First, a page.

I only ever participated in one competition so there isn’t much I can say there but what I can say is that it took me a long time to be mentally comfortable with competing and having a supportive team there to challenge me was very helpful.

How did the Wushu community impact your life?

The UO Wushu community has had a big impact on my life. I met some truly dedicated and inspirational people. Seeing their dedication to wushu has helped me stay dedicated in my life endeavors even when I have doubted myself.

How has Wushu impacted your life?

Wushu introduced me to an incredible group of people that support and inspire each other. It is more than just a sport, it’s a way of life.

Where are you now in life?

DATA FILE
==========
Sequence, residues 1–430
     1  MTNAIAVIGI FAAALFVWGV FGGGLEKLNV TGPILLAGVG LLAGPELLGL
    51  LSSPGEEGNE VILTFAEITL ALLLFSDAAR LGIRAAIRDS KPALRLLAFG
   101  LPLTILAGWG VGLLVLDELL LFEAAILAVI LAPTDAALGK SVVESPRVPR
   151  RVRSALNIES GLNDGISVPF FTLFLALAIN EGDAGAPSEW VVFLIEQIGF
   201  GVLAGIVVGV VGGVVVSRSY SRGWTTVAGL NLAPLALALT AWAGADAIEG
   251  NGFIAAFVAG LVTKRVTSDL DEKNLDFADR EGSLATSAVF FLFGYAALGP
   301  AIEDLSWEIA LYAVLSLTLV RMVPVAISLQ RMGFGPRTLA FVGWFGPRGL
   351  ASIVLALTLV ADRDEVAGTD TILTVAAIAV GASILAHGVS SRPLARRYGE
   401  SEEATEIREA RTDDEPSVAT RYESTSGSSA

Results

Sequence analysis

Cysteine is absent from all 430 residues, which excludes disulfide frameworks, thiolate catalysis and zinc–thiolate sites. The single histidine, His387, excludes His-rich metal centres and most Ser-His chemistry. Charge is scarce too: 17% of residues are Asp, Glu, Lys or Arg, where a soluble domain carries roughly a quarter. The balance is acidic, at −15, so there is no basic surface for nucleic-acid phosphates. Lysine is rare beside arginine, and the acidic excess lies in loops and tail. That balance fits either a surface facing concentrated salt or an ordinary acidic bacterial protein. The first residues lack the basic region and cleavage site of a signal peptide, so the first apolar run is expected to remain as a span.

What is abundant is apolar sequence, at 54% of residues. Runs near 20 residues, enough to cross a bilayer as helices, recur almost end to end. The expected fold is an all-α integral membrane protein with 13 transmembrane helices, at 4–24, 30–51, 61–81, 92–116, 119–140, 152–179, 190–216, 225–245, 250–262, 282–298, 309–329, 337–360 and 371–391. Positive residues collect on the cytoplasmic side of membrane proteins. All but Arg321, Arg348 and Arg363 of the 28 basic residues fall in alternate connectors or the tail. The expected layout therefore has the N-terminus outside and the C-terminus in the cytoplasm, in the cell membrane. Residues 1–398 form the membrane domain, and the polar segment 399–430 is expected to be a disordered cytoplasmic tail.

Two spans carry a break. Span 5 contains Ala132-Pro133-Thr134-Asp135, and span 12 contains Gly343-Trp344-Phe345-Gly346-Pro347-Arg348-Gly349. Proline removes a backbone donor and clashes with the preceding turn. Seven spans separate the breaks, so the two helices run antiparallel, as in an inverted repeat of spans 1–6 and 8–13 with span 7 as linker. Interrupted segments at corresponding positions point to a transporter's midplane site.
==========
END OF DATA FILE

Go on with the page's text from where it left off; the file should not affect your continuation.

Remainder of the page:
Currently, I am working as a financial analyst at a credit union.

Do you still practice?

I don’t practice anymore but I sometimes find myself doing stretch kicks and stance work when I am warming up before other physical activities.

Do you have any advice for current team members?

Seek out a mentor/coach and listen to what they have to say. Be respectful and train hard.

Do you have any advice for the general public?

Do WUSHU!!! You won’t regret it!

February Alumni Spotlight!

Brandon (Jimmy) Fleck!

[Photo retrieved from Facebook]

How did you find out about UO Wushu?

I found out about UO Wushu and Brandon Sugiyama back in high school from my friend Kats.

How long were you involved with the club?

I was involved off and on for five years.

What were the most difficult and most rewarding factors of being on team?

The time commitment was difficult, particularly when the club grew larger, but pulling off something successful with your friends was very gratifying.

Did you specialize in something?